the pseudo-assembly language listing.
The code control produces a pseudo-assembly listing even if the noobject control
is specified (suppressing the object file) but not if the notranslate control is
specified (suppressing code generation). The noprint control causes the compiler
to suppress all of the print file, including the pseudo-assembly listing, even if code is
specified.
Use the code control:
•
To view the effects of different levels of optimization set by the optimize
control
•
To view the difference in code the compiler generates under the mod486 and
nomod486 controls (iC-386)
•
To view the differences in pointer types the compiler generates under the
extend or noextend controls
•
To detect errors when debugging at the assembly-code level
See also:
Chapter 5 for more information on the print file
iC-386 Compiler User's Guide
Chapter 3
51
code | nocode
General control
Cross-references
extend | noextend
mod486 | nomod486
object | noobject
optimize
print | noprint
translate | notranslate
52
Chapter 3
Compiler Controls
codesegment
Primary control
codesegment
Names the code segment.
Syntax
codesegment (code_segment_name)
#pragma codesegment (code_segment_name)
Where:
code_segment_name
is the name of the iC-386 code segment in the object module.
Abbreviation
cs
Default
The iC-386 compiler uses CODE32 or the subsystem identifier as specified in the
subsystem definition file.
Discussion
Use the iC-386 codesegment control to name the code segment in the object
module. The code segment name is used by the BND386 binder and BLD386
builder. This name also appears in output from MAP386.
This control is provided for compatibility with C-386, Intel's previous compiler for
Intel386 processor code.
✏
Note
Do not use the codesegment control in an invocation that
specifies the subsys control. The compiler issues an error or a
warning, depending on whether the subsys control is found in the
invocation line or in a #pragma preprocessor directive,
respectively.
Cross-references
datasegment
modulename
subsys
iC-386 Compiler User's Guide
Chapter 3
53
compact
Primary control
compact
Specifies the compact segmentation memory model.
Syntax
compact
#pragma compact
Abbreviation
cp
Default
For iRMX applications use compact. The default is small.
Discussion
Use the compact control to specify the compact segmentation model. The compiler
produces an object module containing a code segment, a data segment, and a separate
stack segment. The binder combines the code segments for all modules into a single
code segment in memory and the data segments for all modules into a single data
segment in memory, and reserves a separate segment in memory for the stack. The
compact segmentation model is efficient in both program size and memory access,
and offers the maximum possible space for the stack.
For Intel386 processors, each segment can occupy up to 4 gigabytes of memory.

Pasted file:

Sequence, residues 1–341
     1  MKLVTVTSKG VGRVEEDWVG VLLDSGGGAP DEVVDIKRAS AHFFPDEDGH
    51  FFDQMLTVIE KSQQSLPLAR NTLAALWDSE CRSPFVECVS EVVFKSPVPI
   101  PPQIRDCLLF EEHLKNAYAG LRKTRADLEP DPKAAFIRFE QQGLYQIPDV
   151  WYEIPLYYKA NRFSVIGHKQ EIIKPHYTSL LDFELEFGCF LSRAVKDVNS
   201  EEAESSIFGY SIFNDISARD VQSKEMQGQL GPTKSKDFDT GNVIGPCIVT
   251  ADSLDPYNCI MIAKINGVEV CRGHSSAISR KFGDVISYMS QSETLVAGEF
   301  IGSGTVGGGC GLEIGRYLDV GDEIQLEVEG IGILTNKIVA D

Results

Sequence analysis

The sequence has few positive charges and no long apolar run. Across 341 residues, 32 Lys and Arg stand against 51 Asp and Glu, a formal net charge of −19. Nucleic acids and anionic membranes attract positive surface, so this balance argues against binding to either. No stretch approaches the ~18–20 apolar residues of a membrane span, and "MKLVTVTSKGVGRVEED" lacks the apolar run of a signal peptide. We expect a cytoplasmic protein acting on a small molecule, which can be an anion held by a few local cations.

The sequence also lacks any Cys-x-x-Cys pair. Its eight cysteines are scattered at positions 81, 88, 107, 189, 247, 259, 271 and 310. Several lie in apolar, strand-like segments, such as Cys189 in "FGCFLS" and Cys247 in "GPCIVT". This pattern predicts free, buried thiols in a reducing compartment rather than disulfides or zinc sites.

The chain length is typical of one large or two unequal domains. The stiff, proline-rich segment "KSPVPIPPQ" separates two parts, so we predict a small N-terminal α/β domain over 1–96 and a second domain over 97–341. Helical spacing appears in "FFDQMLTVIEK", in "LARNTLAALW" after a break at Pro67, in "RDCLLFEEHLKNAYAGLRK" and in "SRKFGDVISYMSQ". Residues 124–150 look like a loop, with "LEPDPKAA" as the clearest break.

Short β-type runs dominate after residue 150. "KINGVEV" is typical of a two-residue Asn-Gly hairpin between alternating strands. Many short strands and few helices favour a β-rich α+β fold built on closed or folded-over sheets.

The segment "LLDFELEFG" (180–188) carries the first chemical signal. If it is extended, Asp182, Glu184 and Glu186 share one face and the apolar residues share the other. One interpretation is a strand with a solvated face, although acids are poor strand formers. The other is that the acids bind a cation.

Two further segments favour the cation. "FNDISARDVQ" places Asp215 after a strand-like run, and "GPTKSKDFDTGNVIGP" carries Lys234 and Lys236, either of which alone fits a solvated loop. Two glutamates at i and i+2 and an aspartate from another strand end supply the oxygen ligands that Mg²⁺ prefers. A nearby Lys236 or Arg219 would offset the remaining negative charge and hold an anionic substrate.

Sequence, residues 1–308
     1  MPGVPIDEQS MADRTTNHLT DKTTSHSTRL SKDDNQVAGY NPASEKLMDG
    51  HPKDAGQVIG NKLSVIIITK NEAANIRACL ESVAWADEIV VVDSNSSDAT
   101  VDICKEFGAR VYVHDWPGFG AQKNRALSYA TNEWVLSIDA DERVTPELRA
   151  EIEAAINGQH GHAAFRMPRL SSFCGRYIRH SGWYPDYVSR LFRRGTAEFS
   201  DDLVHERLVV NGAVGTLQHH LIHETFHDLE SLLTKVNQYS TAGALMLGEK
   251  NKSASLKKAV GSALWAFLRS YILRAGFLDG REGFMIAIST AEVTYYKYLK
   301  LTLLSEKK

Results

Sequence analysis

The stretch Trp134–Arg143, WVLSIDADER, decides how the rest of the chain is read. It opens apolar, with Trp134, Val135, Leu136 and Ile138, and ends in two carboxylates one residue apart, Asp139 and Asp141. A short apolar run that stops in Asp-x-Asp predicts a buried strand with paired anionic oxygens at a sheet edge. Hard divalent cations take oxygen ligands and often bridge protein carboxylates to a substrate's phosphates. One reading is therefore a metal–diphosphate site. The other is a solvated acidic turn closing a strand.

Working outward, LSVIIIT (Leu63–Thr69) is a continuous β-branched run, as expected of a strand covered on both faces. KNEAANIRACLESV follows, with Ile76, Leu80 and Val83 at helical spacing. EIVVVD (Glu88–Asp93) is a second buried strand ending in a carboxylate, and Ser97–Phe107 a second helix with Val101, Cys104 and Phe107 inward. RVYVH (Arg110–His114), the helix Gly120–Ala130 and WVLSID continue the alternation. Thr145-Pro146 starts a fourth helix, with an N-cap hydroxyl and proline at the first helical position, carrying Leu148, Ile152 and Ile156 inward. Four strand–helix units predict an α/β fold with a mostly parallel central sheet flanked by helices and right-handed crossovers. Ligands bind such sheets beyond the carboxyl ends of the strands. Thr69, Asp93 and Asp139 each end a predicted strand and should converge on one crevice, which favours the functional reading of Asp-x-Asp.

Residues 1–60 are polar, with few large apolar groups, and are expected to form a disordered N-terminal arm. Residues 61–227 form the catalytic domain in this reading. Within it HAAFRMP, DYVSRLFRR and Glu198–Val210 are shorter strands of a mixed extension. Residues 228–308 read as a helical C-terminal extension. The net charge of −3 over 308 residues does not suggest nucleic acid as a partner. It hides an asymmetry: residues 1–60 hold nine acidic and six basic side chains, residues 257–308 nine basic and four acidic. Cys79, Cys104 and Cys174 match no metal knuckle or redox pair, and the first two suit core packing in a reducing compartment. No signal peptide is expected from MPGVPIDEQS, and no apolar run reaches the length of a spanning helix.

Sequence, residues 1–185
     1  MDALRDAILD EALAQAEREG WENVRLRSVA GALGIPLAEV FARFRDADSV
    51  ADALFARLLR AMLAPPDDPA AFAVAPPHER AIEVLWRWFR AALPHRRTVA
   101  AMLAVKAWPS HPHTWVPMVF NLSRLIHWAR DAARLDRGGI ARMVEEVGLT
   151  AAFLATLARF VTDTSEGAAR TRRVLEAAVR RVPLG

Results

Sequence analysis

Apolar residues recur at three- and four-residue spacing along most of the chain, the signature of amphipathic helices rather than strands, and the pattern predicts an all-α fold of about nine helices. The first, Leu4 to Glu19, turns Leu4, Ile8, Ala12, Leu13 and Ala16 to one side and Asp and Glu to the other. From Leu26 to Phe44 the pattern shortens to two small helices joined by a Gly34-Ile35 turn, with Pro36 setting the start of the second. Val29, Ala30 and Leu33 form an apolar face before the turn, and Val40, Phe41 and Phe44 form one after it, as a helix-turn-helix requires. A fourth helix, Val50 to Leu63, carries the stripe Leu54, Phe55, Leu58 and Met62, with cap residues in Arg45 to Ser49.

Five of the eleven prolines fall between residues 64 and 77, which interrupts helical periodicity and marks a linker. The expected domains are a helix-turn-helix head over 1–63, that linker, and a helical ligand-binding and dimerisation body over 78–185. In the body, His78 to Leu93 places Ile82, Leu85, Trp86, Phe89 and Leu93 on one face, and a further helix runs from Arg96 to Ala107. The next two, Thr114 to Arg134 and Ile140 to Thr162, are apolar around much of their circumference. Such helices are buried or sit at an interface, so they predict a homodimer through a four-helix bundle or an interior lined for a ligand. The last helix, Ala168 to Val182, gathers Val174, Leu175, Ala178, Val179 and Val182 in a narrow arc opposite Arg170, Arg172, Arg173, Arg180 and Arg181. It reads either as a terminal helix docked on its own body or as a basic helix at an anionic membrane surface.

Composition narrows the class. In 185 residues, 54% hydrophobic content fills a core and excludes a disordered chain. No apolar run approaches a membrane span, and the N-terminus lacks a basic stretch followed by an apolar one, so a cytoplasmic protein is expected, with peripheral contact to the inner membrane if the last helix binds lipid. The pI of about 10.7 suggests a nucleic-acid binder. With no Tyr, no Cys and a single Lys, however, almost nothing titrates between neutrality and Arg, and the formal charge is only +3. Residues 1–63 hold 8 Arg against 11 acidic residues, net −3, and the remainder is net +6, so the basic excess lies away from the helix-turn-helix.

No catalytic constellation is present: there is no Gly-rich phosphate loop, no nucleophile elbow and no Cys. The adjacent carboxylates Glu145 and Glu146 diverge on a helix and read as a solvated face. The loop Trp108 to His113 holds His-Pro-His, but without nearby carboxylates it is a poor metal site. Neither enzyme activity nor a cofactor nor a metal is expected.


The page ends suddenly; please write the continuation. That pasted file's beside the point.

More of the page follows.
The processor addresses the compact model program's code segment relative to the
CS register, the data segment relative to the DS register, and the stack segment
relative to the SS register. Depending on whether the rom or ram control is in effect,
the compiler places constants in the code segment or data segment, respectively. All
functions have near pointers and calls. All data pointers are far pointers.
See also:
54
extend|noextend control description in Chapter 3 for more
information about the far and near keywords
Chapter 3
Compiler Controls
compact
Primary control
If notranslate is specified, the compiler does not generate object code and the
memory model control has no effect. If noobject is specified, the effect of the
memory model control on the object code can be seen in the print file, although the
compiler does not produce a final object file.
See also:
Segmentation and the compact memory model in Chapter 4
Cross-references
extend | noextend
object | noobject
ram | rom
translate | notranslate
iC-386 Compiler User's Guide
Chapter 3
55
cond | nocond
General control
cond | nocond
Includes or suppresses uncompiled conditional code in listing.
Syntax
[no]cond
#pragma [no]cond
Abbreviation
[no]cd
Default
nocond
Discussion
Use the cond control to include in the program listing code not compiled because of
conditional preprocessor directives. Use the nocond control (default) to suppress
listing of code eliminated by conditional compilation.
Regardless of these controls, the conditional preprocessor directives (#if, #ifdef,
#ifndef, #elif, #else, and #endif) delimiting the code appear in the source text
listing in the print file.
The nolist, notranslate, and noprint controls override the cond control. If
any of these is in effect, the compiler does not list any source text. The
nolistinclude control overrides the cond control for include files. Neither cond
nor nocond has any effect on the preprint file.